5. Morrisons Match and More (only came through today – prompted this post)
  6. Shell Drivers Club
  7. Tesco Clubcard
  8. Nectar Card
  9. Morrisons Miles card (fuel)
  10. La Tasca (20% off all food)
  11. House of Fraser Recognition card (department store)
  12. Go Outdoors (another sports store)
  13. The Waterstones Card
  14. Costa Coffee Club
  15. Boots Advantage card
  16. Cooperative card (in Husband’s name but I have one too)
  17. Gourmet Society Membership Card (a loyalty bonus from my bank)
  18. Hobbycraft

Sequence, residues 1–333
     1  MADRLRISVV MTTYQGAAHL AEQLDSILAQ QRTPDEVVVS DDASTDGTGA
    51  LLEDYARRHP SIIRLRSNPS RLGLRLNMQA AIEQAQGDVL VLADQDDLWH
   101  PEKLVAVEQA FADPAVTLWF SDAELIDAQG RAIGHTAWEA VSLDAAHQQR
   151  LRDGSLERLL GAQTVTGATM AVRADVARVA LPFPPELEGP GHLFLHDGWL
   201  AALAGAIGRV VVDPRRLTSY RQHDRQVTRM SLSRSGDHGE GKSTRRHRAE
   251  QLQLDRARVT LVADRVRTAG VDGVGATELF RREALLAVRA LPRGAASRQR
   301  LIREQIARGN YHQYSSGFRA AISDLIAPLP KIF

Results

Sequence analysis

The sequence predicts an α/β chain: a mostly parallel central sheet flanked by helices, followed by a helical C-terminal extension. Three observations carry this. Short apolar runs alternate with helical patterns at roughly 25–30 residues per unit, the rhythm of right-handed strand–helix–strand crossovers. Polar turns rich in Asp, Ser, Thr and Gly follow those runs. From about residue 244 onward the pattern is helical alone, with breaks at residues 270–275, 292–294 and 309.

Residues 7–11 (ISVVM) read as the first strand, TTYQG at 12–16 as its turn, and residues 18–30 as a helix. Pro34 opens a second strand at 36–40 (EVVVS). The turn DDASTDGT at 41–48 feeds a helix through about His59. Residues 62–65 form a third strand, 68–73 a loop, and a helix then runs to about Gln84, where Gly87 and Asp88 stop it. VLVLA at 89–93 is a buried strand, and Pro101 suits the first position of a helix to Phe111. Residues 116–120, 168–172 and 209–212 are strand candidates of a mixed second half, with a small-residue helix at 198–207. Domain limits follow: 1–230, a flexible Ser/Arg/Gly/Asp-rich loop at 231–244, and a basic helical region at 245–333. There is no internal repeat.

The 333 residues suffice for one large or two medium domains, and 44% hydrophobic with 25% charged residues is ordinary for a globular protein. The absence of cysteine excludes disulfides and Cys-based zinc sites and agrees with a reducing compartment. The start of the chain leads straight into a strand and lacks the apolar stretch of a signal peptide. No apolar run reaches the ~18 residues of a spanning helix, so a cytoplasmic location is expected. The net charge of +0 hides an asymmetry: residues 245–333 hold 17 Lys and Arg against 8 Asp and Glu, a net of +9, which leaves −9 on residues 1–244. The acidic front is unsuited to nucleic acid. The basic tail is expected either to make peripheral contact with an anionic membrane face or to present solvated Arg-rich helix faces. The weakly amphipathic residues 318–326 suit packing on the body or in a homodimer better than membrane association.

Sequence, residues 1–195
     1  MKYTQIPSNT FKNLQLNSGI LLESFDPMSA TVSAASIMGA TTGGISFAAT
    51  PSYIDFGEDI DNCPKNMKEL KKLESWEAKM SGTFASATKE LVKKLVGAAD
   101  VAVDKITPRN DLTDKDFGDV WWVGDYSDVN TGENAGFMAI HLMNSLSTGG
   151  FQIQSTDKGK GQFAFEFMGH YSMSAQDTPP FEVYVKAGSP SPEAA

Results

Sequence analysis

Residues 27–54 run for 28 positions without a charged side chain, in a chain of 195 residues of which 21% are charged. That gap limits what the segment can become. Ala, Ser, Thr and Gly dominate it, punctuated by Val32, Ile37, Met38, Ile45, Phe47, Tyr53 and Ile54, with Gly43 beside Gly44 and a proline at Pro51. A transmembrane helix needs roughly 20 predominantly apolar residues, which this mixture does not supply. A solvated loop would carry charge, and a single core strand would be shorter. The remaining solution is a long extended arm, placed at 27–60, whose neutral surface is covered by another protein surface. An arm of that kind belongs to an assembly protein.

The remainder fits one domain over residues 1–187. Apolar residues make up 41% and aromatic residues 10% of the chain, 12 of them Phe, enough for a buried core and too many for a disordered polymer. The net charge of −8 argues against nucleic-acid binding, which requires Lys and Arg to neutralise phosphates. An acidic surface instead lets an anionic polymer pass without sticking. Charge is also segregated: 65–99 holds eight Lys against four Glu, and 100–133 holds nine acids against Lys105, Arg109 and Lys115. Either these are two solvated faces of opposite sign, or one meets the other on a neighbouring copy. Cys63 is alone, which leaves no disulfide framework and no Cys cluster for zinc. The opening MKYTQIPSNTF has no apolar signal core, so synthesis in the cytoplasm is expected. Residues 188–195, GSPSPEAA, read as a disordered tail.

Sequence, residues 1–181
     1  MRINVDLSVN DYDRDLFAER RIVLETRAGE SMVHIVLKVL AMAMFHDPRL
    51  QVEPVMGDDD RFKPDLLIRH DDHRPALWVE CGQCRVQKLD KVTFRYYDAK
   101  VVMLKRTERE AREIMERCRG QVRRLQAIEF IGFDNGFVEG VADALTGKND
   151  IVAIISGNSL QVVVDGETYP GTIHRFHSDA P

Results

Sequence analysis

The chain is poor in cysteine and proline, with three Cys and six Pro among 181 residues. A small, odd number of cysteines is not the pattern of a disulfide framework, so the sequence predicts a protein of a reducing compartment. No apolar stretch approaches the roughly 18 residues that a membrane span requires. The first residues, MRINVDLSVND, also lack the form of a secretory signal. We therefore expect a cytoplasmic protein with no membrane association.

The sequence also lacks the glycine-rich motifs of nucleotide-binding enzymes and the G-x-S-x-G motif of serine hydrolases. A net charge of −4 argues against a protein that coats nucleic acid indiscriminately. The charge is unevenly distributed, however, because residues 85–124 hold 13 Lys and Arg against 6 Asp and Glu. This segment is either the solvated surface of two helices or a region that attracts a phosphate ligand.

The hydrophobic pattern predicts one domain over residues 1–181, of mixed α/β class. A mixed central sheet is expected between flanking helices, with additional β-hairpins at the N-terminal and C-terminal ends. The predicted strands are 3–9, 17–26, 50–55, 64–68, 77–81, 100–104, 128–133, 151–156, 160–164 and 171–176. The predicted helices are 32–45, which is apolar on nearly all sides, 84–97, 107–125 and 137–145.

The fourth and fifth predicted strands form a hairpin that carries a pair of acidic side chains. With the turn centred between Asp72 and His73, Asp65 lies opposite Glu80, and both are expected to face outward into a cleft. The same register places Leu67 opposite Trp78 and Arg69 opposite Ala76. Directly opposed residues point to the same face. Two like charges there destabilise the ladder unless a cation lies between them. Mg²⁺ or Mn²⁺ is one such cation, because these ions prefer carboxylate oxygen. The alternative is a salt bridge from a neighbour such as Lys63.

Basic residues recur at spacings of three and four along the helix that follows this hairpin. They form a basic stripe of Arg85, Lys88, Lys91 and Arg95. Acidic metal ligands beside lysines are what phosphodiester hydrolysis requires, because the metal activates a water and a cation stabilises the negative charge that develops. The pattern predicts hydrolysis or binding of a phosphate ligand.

19. Bar Burrito
  20. IKEA Family card
All the cards...

All the cards…

That, ladies and gentlemen of the jury, is not loyal. That is a consumer who likes the possibility of getting money off or free stuff as a reward for spending money in the first place. Retailers – I’m not sorry I have one of each of you. I know it defeats the object of having a loyalty scheme and I know that while I have so many, I’m never going to be able to reap the rewards that I might otherwise get if I just did what the card/scheme was supposed to do. But seriously, the cat likes Co-op cat food, Sainsbury’s petrol is cheaper at the moment and Morrisons are giving you points which turns into money if their prices aren’t the lowest. When  you look at it that way, all I’m doing is supporting 3 businesses instead of 1 – I’m like the superwoman of the economy. George Osbourne should take note.